How to Cook Prime Rib

When you learn a few of the basics on how to cook prime rib, one of the most intimidating cuts of beef will become your new “go to” entre when you want to impress your guests. No question, cooking prime rib roast can be daunting. It is a formidable piece of meat with a hefty price tag. But really, the only big challenge is understanding the prime rib cooking time and the proper oven temperature. Let’s get started.

Shopping

Your best bet for finding quality prime rib is at the butcher shop or at a gourmet grocery. A common mistake made when shopping for prime rib is looking for a lean cut. When you remove the fat you lose much of the natural beef flavor. Look for a bright red cut of meat with thin white marbling throughout and a thick jacket of fat. Don’t be afraid to talk to the butcher. The butcher can be your best friend when it comes to selecting the best and most flavorful cut of meat. He can even offer tips on how to cook prime rib.

Preparation

Remove meat from the refrigerator two hours before cooking. Roasts should be close to room temperature before going in the oven. Choose your favorite seasoning rub and season the roast on all sides. Place in a large open roasting pan with a rack, fat side up and rib side down. We recommend using a large stainless steel roasting pan about 12” x 16” with a v-rack. Pour about a cup of red wine in the bottom of the roast pan.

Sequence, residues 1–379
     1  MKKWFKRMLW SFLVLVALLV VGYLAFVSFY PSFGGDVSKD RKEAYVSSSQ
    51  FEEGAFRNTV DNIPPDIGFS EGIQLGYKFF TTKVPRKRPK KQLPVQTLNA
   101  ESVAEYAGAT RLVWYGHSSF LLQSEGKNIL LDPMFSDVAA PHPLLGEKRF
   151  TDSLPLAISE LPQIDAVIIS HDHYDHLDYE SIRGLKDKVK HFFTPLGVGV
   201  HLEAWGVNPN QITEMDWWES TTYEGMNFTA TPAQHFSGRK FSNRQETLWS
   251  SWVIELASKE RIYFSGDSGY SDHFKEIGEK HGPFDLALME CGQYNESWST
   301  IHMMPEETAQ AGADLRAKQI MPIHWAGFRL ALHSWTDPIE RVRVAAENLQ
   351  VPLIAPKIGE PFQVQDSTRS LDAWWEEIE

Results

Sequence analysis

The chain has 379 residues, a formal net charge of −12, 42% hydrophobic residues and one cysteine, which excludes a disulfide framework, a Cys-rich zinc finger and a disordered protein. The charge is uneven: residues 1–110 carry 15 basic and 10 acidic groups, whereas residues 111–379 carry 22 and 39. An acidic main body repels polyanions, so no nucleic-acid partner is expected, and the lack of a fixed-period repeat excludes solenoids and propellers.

Cooking In the Oven

Preheat the oven to 450. Place the rack on the lowest level. Cook for 10 minutes and then reduce the heat to 325. Allow about 15 to 17 minutes per pound for medium rare. Continue cooking until the temperature shown on an instant-read thermometer reads 125 to 130. For rare, allow about 13 to 15 minutes per pound until the thermometer reads 115 to 120. Prime rib cooking time will vary depending on the shape of the roast and the size and precision of your oven so keep checking the temperature starting at 30 minutes before you expect the roast to be done.

Let the prime rib roast rest for 15 minutes to allow it to finish cooking and for the juices to redistribute throughout the roast then carve. Slice across the grain – we recommend using an electric knife sharpener to get that knife really sharp.